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Oxygen molecules “confirmed” in space

Aug. 2, 2011
Courtesy of NASA
and World Science staff

As­tro­no­mers say they have con­firmed for the first time that there are ox­y­gen mol­e­cules in out­er space. But how they got there is not so cer­tain.

In­di­vid­ual ox­y­gen atoms are com­mon in space, but it has prov­en far harder to find ox­y­gen in mo­lec­u­lar form, as it ex­ists in the air we breathe. Mo­lec­u­lar ox­y­gen con­sists of two ox­y­gen atoms joined to­geth­er and makes up about 20 per­cent of the air. 

“Oxy­gen gas was dis­cov­ered in the 1770s, but it’s tak­en us more than 230 years to fi­nally say with cer­tain­ty that this very sim­ple mol­e­cule ex­ists in space,” said Paul Gold­smith, NASA’s Her­schel proj­ect sci­ent­ist at the agen­cy’s Je­t Pro­pul­sion Lab­o­r­a­to­ry in Pas­a­de­na, Ca­lif. Gold­smith is lead au­thor of a re­cent pa­per de­scrib­ing the find­ings in The As­t­ro­phys­i­cal Jour­nal.

The find­ing was made us­ing the Her­schel Space Observato­ry, a Eu­ro­pe­an Space Agency-led mis­sion with NASA con­tri­bu­tions.

As­tro­no­mers searched for the elu­sive mol­e­cules in space for dec­ades us­ing bal­loons, as well as ground- and space-based tele­scopes. The Swed­ish Odin tel­e­scope spot­ted the mol­e­cule in 2007, but the sight­ing could not be con­firmed.

Gold­smith and his col­leagues pro­pose that ox­y­gen is locked up in wa­ter ice that coats ti­ny dust grains. They think the ox­y­gen de­tected by Her­schel in an ar­ea called the Ori­on Neb­u­la—in the di­rec­tion of the con­stella­t­ion Ori­on—was formed af­ter star­light warmed the icy grains. Part of this re­leased wa­ter was con­vert­ed in­to ox­y­gen mol­e­cules.

“This ex­plains where some of the ox­y­gen might be hid­ing,” said Gold­smith. “But we did­n’t find large amounts of it, and still don’t un­der­stand what is so spe­cial about the spots where we find it. The uni­verse still holds many se­crets.” The re­search­ers plan to con­tin­ue their hunt for ox­y­gen mol­e­cules in oth­er star-forming re­gions.

“Oxy­gen is the third most com­mon el­e­ment in the uni­verse and its mo­lec­u­lar form must be abun­dant in space,” said Bill Danchi, Her­schel pro­gram sci­ent­ist at NASA Head­quar­ters in Wash­ing­ton. “Her­schel is prov­ing a pow­er­ful tool to probe this un­solved mys­tery.”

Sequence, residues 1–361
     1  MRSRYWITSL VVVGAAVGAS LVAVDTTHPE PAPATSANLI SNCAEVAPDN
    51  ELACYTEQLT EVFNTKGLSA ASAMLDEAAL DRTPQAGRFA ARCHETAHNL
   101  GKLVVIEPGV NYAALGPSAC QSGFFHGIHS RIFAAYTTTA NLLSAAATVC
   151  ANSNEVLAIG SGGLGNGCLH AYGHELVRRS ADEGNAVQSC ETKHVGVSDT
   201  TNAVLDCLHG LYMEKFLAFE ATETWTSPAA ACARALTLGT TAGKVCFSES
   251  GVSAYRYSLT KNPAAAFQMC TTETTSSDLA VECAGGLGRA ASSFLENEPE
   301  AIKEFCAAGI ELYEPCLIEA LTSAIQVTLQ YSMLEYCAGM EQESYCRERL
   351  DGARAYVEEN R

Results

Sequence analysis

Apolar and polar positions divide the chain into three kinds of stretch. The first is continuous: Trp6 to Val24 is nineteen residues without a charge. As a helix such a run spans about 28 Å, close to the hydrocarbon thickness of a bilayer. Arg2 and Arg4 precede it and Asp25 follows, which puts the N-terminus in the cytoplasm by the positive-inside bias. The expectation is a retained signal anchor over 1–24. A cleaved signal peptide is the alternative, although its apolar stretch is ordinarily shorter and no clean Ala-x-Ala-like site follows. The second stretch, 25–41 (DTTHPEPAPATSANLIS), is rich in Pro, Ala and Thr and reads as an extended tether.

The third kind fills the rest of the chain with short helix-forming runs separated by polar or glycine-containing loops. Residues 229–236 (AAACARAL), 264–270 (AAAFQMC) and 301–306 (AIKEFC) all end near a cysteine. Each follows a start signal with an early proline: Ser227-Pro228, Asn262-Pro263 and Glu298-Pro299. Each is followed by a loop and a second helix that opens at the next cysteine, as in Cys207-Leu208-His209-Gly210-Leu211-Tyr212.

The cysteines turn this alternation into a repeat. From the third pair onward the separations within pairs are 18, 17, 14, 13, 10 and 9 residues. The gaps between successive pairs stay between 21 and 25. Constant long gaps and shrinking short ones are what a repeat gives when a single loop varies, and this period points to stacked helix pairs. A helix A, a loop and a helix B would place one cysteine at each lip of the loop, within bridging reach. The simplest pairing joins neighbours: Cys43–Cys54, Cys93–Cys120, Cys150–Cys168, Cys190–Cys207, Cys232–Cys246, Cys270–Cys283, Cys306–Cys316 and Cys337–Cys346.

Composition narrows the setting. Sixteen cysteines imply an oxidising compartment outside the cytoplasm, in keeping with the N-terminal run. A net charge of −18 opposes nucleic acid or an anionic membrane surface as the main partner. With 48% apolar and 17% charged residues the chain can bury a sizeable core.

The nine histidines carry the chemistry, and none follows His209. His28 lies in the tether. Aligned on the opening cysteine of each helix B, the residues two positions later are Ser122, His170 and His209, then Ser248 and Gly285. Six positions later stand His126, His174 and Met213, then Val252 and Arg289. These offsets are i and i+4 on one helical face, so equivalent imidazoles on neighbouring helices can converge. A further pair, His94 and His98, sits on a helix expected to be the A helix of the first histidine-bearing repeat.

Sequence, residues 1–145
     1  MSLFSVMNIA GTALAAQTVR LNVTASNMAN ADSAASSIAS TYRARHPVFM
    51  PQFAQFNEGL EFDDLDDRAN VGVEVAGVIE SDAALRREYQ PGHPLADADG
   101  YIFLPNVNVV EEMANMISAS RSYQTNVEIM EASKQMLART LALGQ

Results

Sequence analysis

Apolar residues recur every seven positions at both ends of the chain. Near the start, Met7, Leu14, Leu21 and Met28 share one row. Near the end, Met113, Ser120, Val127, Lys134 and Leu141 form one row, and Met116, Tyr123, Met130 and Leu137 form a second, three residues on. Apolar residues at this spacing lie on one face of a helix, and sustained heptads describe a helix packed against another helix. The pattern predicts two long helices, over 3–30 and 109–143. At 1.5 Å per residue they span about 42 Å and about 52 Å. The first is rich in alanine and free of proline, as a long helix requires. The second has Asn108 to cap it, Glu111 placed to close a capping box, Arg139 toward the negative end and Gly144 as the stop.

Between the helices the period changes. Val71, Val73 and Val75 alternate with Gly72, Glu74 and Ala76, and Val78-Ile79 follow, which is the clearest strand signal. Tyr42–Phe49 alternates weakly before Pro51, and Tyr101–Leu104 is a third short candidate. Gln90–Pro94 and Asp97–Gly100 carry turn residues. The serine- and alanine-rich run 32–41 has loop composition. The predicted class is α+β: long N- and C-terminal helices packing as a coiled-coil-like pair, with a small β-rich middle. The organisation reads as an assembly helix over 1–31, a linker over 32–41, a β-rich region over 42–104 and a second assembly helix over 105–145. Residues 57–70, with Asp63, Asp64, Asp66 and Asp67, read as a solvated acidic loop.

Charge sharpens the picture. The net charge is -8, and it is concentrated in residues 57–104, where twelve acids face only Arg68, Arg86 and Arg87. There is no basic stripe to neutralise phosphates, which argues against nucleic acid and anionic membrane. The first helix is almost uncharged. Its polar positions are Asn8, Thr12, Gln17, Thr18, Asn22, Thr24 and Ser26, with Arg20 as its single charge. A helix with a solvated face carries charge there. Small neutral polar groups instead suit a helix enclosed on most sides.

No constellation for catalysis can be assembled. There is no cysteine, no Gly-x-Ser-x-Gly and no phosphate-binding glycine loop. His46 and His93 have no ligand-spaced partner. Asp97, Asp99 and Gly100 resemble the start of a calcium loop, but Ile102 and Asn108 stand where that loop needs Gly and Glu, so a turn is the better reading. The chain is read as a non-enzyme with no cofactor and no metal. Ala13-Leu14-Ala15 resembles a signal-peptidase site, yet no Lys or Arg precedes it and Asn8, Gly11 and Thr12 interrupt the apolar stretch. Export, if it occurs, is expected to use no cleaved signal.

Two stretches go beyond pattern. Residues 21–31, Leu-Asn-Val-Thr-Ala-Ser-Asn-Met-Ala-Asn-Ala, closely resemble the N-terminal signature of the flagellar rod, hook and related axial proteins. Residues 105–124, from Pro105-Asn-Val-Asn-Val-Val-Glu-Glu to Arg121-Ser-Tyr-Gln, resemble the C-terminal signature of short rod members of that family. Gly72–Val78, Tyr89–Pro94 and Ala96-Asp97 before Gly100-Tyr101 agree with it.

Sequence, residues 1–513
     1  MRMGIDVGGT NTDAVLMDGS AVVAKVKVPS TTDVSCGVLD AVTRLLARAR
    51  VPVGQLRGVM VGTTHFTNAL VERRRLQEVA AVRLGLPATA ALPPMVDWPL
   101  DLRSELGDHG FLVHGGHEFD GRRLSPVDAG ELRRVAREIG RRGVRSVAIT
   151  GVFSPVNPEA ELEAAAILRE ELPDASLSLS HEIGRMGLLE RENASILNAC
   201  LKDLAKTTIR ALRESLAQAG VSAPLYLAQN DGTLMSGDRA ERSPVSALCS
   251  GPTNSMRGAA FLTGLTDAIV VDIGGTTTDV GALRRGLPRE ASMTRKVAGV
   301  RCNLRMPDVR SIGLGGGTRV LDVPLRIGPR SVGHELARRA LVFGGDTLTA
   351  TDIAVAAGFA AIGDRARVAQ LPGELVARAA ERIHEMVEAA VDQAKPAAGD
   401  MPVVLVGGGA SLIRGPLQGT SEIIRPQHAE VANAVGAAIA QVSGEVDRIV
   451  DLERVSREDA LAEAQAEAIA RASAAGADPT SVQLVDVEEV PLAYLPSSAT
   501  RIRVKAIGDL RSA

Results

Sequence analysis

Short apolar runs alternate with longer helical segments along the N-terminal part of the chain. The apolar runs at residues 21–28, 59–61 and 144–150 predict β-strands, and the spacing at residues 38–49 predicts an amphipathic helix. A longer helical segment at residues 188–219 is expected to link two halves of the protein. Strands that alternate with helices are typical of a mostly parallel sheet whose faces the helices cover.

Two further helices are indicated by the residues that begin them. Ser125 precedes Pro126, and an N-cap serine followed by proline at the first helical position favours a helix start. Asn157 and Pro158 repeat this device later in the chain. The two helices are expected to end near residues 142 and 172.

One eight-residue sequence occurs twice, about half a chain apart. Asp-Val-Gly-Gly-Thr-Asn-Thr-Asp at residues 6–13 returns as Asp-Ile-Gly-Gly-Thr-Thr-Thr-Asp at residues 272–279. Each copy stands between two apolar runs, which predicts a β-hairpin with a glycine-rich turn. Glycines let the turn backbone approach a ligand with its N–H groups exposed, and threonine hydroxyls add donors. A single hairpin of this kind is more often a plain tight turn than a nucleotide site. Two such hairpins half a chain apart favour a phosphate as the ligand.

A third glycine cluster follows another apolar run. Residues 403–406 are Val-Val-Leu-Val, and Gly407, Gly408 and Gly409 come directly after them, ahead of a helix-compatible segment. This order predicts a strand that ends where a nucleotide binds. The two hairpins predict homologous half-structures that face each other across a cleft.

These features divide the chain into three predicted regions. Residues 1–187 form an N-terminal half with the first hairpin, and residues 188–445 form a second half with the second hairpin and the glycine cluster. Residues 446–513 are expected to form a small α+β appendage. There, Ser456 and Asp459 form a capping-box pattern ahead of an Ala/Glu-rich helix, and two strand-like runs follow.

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Astronomers say they have confirmed for the first time that there are oxygen molecules in outer space. Individual oxygen atoms are common in space, but it has proven far harder to find oxygen in molecular form, as it exists in the air we breathe. Molecular oxygen consists of two oxygen atoms joined together and makes up about 20 percent of the air. “Oxygen gas was discovered in the 1770s, but it’s taken us more than 230 years to finally say with certainty that this very simple molecule exists in space,” said Paul Goldsmith, NASA’s Herschel project scientist at the agency’s Jet Propulsion Laboratory in Pasadena, Calif. Goldsmith is lead author of a recent paper describing the findings in the Astrophysical Journal. The finding was made using the Herschel Space Observatory, a European Space Agency-led mission with NASA contributions. Astronomers searched for the elusive molecules in space for decades using balloons, as well as ground- and space-based telescopes. The Swedish Odin telescope spotted the molecule in 2007, but the sighting could not be confirmed. Goldsmith and his colleagues propose that oxygen is locked up in water ice that coats tiny dust grains. They think the oxygen detected by Herschel in an area called the Orion Nebula—in the direction of the constellation Orion—was formed after starlight warmed the icy grains. This released water, which was converted into oxygen molecules. “This explains where some of the oxygen might be hiding,” said Goldsmith. “But we didn’t find large amounts of it, and still don’t understand what is so special about the spots where we find it. The universe still holds many secrets.” The researchers plan to continue their hunt for oxygen molecules in other star-forming regions. “Oxygen is the third most common element in the universe and its molecular form must be abundant in space,” said Bill Danchi, Herschel program scientist at NASA Headquarters in Washington. “Herschel is proving a powerful tool to probe this unsolved mystery.”